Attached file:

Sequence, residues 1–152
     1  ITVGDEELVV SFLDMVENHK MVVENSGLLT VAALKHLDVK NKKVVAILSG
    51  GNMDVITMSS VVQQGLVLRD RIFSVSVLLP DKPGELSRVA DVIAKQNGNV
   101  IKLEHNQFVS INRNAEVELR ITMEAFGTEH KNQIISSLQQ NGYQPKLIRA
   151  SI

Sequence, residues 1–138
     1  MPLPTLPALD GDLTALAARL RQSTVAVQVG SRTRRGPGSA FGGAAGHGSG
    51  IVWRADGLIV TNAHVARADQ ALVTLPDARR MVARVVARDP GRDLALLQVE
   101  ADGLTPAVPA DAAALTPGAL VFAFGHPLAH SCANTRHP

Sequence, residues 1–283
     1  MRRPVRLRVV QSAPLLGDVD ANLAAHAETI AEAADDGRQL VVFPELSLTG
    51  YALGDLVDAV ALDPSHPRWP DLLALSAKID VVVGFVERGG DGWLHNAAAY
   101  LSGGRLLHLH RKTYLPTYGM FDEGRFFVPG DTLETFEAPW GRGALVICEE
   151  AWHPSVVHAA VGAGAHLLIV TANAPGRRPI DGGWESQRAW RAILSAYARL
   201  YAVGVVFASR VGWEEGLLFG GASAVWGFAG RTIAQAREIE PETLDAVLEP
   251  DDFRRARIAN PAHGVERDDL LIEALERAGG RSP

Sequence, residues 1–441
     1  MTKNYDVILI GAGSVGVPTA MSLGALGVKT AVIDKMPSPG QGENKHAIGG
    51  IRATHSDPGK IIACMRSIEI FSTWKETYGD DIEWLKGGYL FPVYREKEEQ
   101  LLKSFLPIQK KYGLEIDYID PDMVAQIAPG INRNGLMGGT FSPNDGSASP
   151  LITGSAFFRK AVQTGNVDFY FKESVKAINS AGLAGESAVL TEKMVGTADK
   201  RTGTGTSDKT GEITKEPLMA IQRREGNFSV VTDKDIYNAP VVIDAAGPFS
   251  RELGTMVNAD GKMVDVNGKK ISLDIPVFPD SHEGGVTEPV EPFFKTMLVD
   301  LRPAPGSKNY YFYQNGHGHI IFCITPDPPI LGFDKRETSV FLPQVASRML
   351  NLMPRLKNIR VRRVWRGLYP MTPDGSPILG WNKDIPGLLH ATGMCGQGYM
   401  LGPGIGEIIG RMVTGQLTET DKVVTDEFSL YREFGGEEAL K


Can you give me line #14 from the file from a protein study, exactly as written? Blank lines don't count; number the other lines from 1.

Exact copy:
   151  AWHPSVVHAA VGAGAHLLIV TANAPGRRPI DGGWESQRAW RAILSAYARL